Homelessness down 12 percent in Richmond area

Posted by Phil Riggan – email

RICHMOND, VA (WWBT) - Homelessness is down in Richmond...a trend you might not expect to see in a tough economy.

NBC12 uncovered a study that says the double-digit decrease is mostly thanks to the Richmond Police Department.

The study says that decrease is actually in the double digits...down 12 percent from January of 2009 to January of 2010.

The specialized unit has helped that trend by working here -- in the tents and sidewalks where Richmond's homeless make their homes.

They take on the problems most people just drive by.  For people on the street, these Richmond police officers truly represent "hope."

The team is called HOPE -- Homeless Outreach Partnerships and Enforcement. The officers facilitate relationships between care organizations and the people who may think they have nowhere else to go.

Robert Woolridge has been living on the streets for almost two years.

Today, he and members of HOPE talk about his options, from shelters to help from the Veterans Administration or Social Services.

"It's kind of rough. It's kind of rough. The weather gets rough and people get rough some time," Woolridge said. "A lot of times people are kind but it's just rough. Life's just getting rougher and rougher everyday for everybody."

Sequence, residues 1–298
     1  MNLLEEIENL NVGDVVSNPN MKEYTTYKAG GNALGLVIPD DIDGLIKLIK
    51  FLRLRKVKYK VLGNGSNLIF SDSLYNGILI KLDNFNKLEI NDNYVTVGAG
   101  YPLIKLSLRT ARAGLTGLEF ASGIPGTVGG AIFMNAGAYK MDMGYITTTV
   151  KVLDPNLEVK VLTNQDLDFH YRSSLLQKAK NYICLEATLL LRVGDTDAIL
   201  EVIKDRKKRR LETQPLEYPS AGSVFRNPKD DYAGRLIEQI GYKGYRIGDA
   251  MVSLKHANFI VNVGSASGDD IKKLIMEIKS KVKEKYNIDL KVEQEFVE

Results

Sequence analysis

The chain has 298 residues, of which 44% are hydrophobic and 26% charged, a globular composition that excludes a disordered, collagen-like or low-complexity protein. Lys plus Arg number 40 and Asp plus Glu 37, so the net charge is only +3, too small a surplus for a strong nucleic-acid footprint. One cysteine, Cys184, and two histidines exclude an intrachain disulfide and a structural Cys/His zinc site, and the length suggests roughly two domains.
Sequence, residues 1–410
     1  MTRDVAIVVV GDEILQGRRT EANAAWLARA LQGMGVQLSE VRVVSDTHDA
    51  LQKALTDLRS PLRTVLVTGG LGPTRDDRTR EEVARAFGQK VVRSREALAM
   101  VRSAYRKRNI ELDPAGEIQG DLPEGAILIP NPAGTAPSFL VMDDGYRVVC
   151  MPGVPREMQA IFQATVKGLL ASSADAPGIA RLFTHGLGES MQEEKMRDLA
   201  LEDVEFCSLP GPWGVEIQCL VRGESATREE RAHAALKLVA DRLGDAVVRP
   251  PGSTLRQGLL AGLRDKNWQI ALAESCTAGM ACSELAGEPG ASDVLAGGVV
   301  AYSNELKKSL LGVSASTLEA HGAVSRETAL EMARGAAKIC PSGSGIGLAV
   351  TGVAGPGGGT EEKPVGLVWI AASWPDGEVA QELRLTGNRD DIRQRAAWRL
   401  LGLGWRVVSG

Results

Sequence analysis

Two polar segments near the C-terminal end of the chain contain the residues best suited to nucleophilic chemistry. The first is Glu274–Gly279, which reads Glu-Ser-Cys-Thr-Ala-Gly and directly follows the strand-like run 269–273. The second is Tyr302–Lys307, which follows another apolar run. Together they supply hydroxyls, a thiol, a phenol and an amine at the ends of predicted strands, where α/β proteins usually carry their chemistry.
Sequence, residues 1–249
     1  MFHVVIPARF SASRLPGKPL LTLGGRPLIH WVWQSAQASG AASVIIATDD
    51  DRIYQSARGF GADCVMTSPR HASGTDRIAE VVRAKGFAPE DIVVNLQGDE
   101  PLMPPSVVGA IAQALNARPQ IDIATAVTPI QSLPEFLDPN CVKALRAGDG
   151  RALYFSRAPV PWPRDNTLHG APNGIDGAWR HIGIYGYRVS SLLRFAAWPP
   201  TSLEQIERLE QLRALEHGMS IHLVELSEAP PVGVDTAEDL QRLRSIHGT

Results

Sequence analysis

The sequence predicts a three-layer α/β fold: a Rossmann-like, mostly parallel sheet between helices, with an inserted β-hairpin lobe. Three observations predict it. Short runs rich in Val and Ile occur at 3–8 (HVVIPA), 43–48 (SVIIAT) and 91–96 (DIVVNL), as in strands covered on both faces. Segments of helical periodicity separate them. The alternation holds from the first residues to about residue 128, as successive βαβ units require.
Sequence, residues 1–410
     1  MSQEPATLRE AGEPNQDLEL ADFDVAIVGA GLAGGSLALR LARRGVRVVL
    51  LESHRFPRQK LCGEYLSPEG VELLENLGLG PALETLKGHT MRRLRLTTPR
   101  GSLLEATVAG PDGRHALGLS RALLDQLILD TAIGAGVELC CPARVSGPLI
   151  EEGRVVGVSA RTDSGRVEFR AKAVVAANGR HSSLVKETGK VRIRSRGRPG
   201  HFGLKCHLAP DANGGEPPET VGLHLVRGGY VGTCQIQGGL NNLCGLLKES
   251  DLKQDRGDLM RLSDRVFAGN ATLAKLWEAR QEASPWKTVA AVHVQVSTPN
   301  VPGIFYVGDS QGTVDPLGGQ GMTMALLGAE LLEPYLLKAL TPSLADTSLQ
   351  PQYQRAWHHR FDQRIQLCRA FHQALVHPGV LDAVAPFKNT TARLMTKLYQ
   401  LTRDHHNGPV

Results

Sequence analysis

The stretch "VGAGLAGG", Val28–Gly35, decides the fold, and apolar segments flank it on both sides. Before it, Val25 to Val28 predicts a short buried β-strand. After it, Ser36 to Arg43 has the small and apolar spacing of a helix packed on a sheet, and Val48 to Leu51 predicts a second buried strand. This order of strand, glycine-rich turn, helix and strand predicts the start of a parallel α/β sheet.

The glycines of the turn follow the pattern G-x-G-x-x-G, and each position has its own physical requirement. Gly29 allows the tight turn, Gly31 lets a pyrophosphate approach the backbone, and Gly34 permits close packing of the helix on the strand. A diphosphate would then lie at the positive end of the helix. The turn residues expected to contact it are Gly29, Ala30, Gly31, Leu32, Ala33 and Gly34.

Now Woolridge is on officer Jason Kuti's radar...who will work with a social services representative to try and change the man's life.

It's a challenge when every person is dealing with different needs.

"There are definitely people out here that want help," Kuti said, "and some of them don't fit into the right square peg in a round hole."

The unit connects each person with the outreach group matching the obstacle, eventually learning names, faces and circumstances.

The goal is life off the streets, ultimately making the community better.

One man the unit tried to visit on its patrol is getting assistance from Caritas, another found a place with his brother. It's these success stories officer Jason Kuti says make the community better for everyone.

"If we can get somebody off the street, then they're not going to be causing calls for service," he said. "They might not be trespassing, they might not be drinking in public."

Homeward will start another count next week. While they're on the streets, volunteers will also survey the homeless on what other services could be important.

Homeward needs volunteers to help with the count. It will be next Thursday starting at 9 a.m. For more information, go to www.homewardva.org/pitcount.

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